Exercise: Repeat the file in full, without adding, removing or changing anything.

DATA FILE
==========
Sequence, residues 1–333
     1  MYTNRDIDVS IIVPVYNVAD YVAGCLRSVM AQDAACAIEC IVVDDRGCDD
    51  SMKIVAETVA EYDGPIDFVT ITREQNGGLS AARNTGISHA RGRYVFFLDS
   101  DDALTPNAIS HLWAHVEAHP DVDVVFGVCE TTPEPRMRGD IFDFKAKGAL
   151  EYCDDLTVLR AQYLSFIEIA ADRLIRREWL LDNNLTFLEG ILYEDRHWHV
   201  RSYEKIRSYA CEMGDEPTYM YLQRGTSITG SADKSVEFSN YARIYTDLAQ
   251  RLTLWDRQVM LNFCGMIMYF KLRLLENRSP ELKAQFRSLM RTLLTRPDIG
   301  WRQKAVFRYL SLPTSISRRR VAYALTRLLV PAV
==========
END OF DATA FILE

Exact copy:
Sequence, residues 1–333
     1  MYTNRDIDVS IIVPVYNVAD YVAGCLRSVM AQDAACAIEC IVVDDRGCDD
    51  SMKIVAETVA EYDGPIDFVT ITREQNGGLS AARNTGISHA RGRYVFFLDS
   101  DDALTPNAIS HLWAHVEAHP DVDVVFGVCE TTPEPRMRGD IFDFKAKGAL
   151  EYCDDLTVLR AQYLSFIEIA ADRLIRREWL LDNNLTFLEG ILYEDRHWHV
   201  RSYEKIRSYA CEMGDEPTYM YLQRGTSITG SADKSVEFSN YARIYTDLAQ
   251  RLTLWDRQVM LNFCGMIMYF KLRLLENRSP ELKAQFRSLM RTLLTRPDIG
   301  WRQKAVFRYL SLPTSISRRR VAYALTRLLV PAV